Howard Bryant is a senior writer for ESPN and the sports correspondent for NPR's Weekend Edition and has now come out with Rickey: The Life and Legend of an American Original. It is a biography of Rickey Henderson, the professional baseball player perhaps most well-known for his ability to steal a base. Playing for nine teams over a quarter of a century, Henderson was elected to baseball’s Hall of Fame in 2009.
Rickey was born in Chicago on Christmas Day in 1958 to Bobbie Earl and John Henley. The couple parted ways, and Bobbie moved the family (she had four children) to Pine Bluff, Arkansas, to work on her mother's farm. Writes Howard Bryant: "Pine Bluff was a nowhere town for black people. There were no jobs, and segregationists were waging a violent last stand against integration." Bobbie decided to move her family again. This time the destination was Oakland, Calif., where the prospects for her children were substantially better.
Bobbie's story was like that of thousands of black Americans, most of whom lived in Southern states. "The Great Migration" was the term used to describe this mass movement to California. It started around 1900 and ended in the late 1960s. Rickey was 12 when his family arrived in Oakland. Looking back some years later, he said, "Going to California was a one-way trip."
Sports had always drawn Rickey's interest, and he quickly impressed his new friends in Oakland with what he could do across a range of games. He was so good, they said, as to be special. At 5’10", 180 pounds, and built tough, Rickey liked baseball, but not as much as he did football, where he competed with great force on both sides of the ball. Rickey said he received 125 college football scholarship offers, and it was assumed that he would take the customary path to the National Football League. But Rickey didn't have the grades to get into a Division 1 school. And his mother Bobbie (now married to truck driver Paul Henderson, who later would leave the family) worried that her son might shatter a knee or suffer some other serious injury playing football. In time, Rickey learned to read.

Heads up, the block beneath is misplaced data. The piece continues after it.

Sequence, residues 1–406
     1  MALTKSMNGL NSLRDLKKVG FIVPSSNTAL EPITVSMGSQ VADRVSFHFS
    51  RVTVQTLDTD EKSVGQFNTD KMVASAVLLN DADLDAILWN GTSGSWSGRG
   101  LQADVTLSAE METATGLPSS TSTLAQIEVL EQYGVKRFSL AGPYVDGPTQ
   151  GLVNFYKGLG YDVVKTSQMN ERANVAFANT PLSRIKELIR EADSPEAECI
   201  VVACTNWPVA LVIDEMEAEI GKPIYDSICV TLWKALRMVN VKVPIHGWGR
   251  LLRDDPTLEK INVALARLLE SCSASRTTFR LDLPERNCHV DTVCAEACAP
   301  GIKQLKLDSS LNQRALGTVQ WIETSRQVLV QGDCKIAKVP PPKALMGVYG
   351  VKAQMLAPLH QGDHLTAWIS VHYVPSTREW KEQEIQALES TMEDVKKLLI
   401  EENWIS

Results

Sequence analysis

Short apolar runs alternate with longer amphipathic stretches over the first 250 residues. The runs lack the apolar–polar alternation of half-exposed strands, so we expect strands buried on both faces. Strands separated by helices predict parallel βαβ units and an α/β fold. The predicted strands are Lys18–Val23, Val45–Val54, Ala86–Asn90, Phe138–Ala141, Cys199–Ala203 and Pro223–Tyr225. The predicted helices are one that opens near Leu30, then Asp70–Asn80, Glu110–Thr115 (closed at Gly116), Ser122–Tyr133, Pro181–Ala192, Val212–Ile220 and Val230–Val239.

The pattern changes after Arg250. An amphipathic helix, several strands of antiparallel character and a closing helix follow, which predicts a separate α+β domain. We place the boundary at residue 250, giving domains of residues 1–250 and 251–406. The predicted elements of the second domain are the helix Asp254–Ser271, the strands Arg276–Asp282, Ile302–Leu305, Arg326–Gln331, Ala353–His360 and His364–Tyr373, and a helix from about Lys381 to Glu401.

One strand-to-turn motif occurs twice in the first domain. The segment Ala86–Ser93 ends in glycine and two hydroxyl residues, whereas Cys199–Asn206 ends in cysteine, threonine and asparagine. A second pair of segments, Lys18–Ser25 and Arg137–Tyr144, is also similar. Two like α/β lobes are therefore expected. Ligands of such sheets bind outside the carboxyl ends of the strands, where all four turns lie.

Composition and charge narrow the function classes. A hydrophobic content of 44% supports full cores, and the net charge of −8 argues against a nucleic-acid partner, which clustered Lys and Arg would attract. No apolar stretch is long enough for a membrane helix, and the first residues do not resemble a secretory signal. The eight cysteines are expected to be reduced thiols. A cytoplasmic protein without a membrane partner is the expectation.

As between the two sports, baseball thus became for Rickey "the safer, surer bet," writes Bryant. And on draft day in 1976 the Oakland A's, an American League team, drafted Rickey in the fourth round. He asked for $100,000, but the A's held firm at $10,000. By accepting the money, Rickey was now a professional athlete. But he would never forget that he was worth significantly more, and throughout his long baseball career he insisted on being properly valued. In 2022, his net worth was reported at $20 million.
At age 17, Rickey told a friend of his, a Dodgers scout who had recently played in the minors, of his desire to become the greatest base stealer ever. Rickey was an ambitious young man. In an A-ball game his team won, 13 to 12, he went 7 for 7 in stolen bases, a spectacular performance. "Everybody was talking about seven steals but Rickey’s night was just more of what he had been doing all season writ large." Rickey thought he was ready to play at the highest level. Oakland management believed he should wait some.
Baseball’s minor leagues are the places where baseball men do their work. And Rickey was fortunate that the manager of the team (AA Modesto, Calif.) to which he had been assigned was Tom Trebelhorn, who saw Rickey’s enormous potential for stealing bases and proceeded to develop it.